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Environmental engineer. Devoted parent. Water provider. Aquatic weed controller. Habitat provider. Wildlife manager. Keystone species.

All of the above phrases describe the many roles that American alligators play on Hilton Head Island. Alligators belong to a group of reptiles known as crocodilians, which also include crocodiles, caimans and gharials. Crocodilians are closely related to dinosaurs, but their closest living relatives are birds.


hat's that? It's a question visiting mothers and fathers are asked constantly by inquisitive children during family beach days. Don't lose cool points by answering, "that's a bird, son." Impress your little one with a name and a quick fact about the critter in question. Here is a look at the 18 most common animals you will see at the beach.

The 7 Magnificent Beaches of Hilton Head IslandFAR AS THE EYE CAN SEE, the sand shore runs 20 miles along the seaside on Hilton Head Island. “The beach,” as we call the flat, surf and tide-washed, pearl-colored, shellstrewn, stream-riddled, shorebird refuge and place of play for people on Hilton Head Island, is not one place. It is a seamless strand of seven beaches stitched together on the outskirts of this foot-shaped isle. Each shoreline is sculpted by distinct natural forces, and significantly altered by human history. Every beach holds its own secrets, including buried treasures of sorts. You can unearth these secrets — but you need to know where to look.


3015-Green-WaterCookieSafe drinking water isn’t just a third-world issue. According to Watercookies Inc., it’s an issue in communities across the U.S. as well. The group, whose mission is to educate young families about clean drinking water, was granted federal nonprofit status in 2013.
Helen Donelan Price launched the organization in 2011 after learning about the surprising lack of clean drinking water in a number of communities.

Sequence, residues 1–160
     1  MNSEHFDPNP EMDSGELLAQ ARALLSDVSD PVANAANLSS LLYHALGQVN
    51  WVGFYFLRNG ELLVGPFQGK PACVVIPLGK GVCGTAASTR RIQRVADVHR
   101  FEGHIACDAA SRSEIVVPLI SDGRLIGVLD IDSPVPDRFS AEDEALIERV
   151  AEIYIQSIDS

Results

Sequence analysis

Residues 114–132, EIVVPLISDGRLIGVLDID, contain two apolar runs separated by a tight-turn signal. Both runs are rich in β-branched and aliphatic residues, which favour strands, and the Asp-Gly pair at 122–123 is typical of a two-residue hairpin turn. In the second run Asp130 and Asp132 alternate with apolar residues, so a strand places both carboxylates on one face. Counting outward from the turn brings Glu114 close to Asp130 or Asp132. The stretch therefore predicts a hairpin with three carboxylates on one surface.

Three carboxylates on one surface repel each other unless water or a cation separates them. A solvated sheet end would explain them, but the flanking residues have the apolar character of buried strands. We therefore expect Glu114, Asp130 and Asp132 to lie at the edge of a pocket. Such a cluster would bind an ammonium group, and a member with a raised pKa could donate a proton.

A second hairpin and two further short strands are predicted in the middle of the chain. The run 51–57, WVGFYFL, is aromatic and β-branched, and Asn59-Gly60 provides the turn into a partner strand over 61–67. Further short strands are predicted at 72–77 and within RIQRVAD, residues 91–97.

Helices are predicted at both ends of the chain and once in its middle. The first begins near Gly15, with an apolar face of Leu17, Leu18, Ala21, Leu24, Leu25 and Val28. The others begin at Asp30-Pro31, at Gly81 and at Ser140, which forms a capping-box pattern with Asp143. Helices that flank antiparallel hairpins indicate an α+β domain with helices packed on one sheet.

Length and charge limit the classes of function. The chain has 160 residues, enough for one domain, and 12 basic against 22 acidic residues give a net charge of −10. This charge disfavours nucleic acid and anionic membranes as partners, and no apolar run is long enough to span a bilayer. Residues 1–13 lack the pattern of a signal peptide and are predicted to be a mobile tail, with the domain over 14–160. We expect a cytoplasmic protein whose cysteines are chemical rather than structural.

When you turn onto Old Palmetto Bluff Road, you might think you’ve arrived at your destination. You haven’t. Ahead of you is a three-mile jaunt through rows of Spanish moss-draped trees and only a fleeting glimpse of a house or two before you arrive in The Village.


It’s an ever-growing fraternity in Beaufort County. There was a time when the term “Master Naturalist” was just a concept. Now, it’s almost like a secret handshake among a group of hundreds, a sign that you’re a steward of the land and sea. And that stewardship can all be traced back to an upstart group on Spring Island.

3015-Green-LocalStrandingThey were here centuries before us, but now their numbers are in danger because of us, and their species’ survival depends on us. Thankfully, they have scientists like Amber Kuehn in their corner.
Kuehn, a fourth-generation Bluffton resident and marine biologist, volunteers her time with both the South Carolina Marine Mammal Stranding Network and The Sea Turtle Stranding and Salvage Network. The two networks rely on the hard work of volunteers to collect crucial data and transport marine mammals and sea turtles that are stranded on the beach, either badly injured or already dead.

In communities across the country that are striving to become more sustainable, the discussion revolves around ecosystem services.

Ecosystem services are all the critical services that nature performs, free of charge, that keep earth functioning. Examples of ecosystem services include pollination of plants, production of oxygen, removal of carbon dioxide from the atmosphere and the cycling and recycling of nutrients such as nitrogen.

As a kayak excursion leader for Outside Hilton Head, Jean Fruh knows the best way to truly appreciate Hilton Head Island is from the water.
But it’s a vantage point many young residents have never witnessed.
“It’s something I do every day for tourists, but children who live here might have never seen that," Fruh said.

0315-Green-EnvironmentChangeFIRST LIGHT: Every morning, the misty sun ascends in rosy solitude above the eastern horizon of the Atlantic Ocean. Few will see the first rays of sunlight seep across the beach, slow as a sea turtle, and then thread into the low dunes and up the facing tree line and rooflines of Hilton Head Island. Nature awakens with a hush, the grand ritual of daily renewal. There will never be another sunrise, nor the same beach or colored sky, exactly the same as on this day, for the nature of nature is change. This immutable law is a wonder, and yet, the supreme challenge for all. Change, like growing old, is hard to accept and impossible to avoid.